While many high school students turn to caffeine or energy drinks to focus while preparing for a test, some students also turn to un-prescribed Adderall and other stimulants. Adderall is prescribed by doctors as a central nervous system stimulant that affects chemicals in the brain and nerves that contribute to hyperactivity and impulse control.
However, according to the Partnership for a Drug-Free America, 10 percent of middle school and high school aged kids are using Adderall without a prescription.
Adderall and other stimulants are used to treat ADD (attention deficit disorder) and ADHD (attention deficit hyperactivity disorder). According to webmd.com, ADHD is the most common behavior disorder in childhood. Five percent of teens are diagnosed with ADHD, according to Leawood psychiatrist Scott Jones.
According to the Washington Post, from 2002 to 2005, Adderall sales grew more than 3,100 percent. However, not all of these drug sales go to people who have been diagnosed with ADD or ADHD.
An anonymous STA student is one of many teenagers who takes Adderall without a prescription. She has been taking the drug for two years and uses it mostly before big exams.
“You are so focused,” she said of her experience with the drug. “Especially because I’m not prescribed it, it creates a way for me to zone in on whatever I’m working on.”
She said she only uses Adderall for school work and never for recreational purposes.
“[Adderall] helps me focus on a long study guide the night before a test or when I need to be focused at school,” she said.
Jones recognizes that teenagers who are not prescribed Adderall can feel the same benefits as someone who has been prescribed Adderall.
“Some studies show that stimulants can increase focus in people without ADHD,” Jones said.
Although Adderall has benefits, taking someone else’s medication poses health risks, Jones said. Some of the side effects include increased energy, mood elevation, increased heart rate, appetite suppression, dry mouth, insomnia, anxiousness and restlessness.
In addition, it is illegal to use prescription medication without a physician’s orders.
Despite the illegality, the anonymous source feels like taking someone else’s medication is not a big deal.
“I mean, it’s like buying anything else that you shouldn’t be buying,” the anonymous source said. “I would never be open about the ‘dealing’ part of it, but I don’t think it should be punishable by law because you wanted extra help studying. I love the people that I’ve bought from—they are great people just looking for money. One girl in particular never took her own prescription because she didn’t like how they made her feel, so she kept getting them to sell them.”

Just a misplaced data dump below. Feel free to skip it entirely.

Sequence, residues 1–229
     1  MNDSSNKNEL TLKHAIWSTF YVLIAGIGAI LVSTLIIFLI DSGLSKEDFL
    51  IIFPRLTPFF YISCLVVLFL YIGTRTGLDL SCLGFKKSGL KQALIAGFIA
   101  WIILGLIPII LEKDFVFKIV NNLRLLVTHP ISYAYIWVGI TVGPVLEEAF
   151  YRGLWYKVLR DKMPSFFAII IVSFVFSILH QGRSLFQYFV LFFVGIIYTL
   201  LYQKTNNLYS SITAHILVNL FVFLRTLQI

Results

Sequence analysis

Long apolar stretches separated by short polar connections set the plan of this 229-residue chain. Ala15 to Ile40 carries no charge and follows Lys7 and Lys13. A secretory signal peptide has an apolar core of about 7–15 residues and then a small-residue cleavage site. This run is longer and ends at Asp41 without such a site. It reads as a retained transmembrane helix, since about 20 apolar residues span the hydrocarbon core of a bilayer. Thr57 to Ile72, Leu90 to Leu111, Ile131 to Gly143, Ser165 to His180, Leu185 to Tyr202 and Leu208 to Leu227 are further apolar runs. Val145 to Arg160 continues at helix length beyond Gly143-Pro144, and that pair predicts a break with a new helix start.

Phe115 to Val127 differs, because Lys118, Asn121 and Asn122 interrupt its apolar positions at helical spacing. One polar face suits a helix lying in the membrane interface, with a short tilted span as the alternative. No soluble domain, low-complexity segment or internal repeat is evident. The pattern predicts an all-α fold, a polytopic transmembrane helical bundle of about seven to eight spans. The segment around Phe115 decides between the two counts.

Counselor Amanda Johnson is aware of this type of prescription drug abuse, especially in regards to the messages that prescription drug abuse sends. According to Johnson, just because a certain kind of medicine comes from a doctor does not mean that it is any less dangerous to take.
“It’s tricky,” Johnson said. “People think it’s okay [to take someone else’s medication] because it’s a prescription, and it’s not from the street. It allows this kind of muddied area where we can get away with things but in reality it is all the same thing.”
There is another perspective to consider besides the person taking the drugs: the person selling the drugs. Johnson feels like these people enable the abuser’s behavior.
“[People who sell their medication] are allowing [prescription drug abuse] to happen,” Johnson said.
Senior Brie Sandridge has been prescribed Vyvanse, a drug similar to Adderall. She began using the drug in December of her senior year. Sandridge said she was prescribed the drug because she was having trouble focusing and was not getting anything done.
“When I was trying to apply to college [online] one time and I was just like sitting there and thinking about what I should do and this thing popped up and said ‘you have been sitting here for 55 minutes’,” Sandridge said.
Although Sandridge began noticing symptoms of ADD around freshman year, she was not treated until recently.
“I made my own doctor’s appointment and went in,” Sandridge said.
Sandridge takes Vyvanse to focus on school work during the week but she also takes it on the weekend to get things like chores done.
“Before [I was on Vyvanse] I wasn’t even motivated to get up and do little things like cleaning my room, now I like to keep my room clean,” Sandridge said.
During the couple years when Brie was not prescribed Vyvanse and was having trouble focusing, she admitted to considering taking Adderall even though it was not prescribed to her. Brie, however, never did this.
“Our generation is more prone to having ADD because of all the things that are going on with technology,” Sandridge said. “It’s so easy to be distracted and I see how people would turn to Adderall to focus.”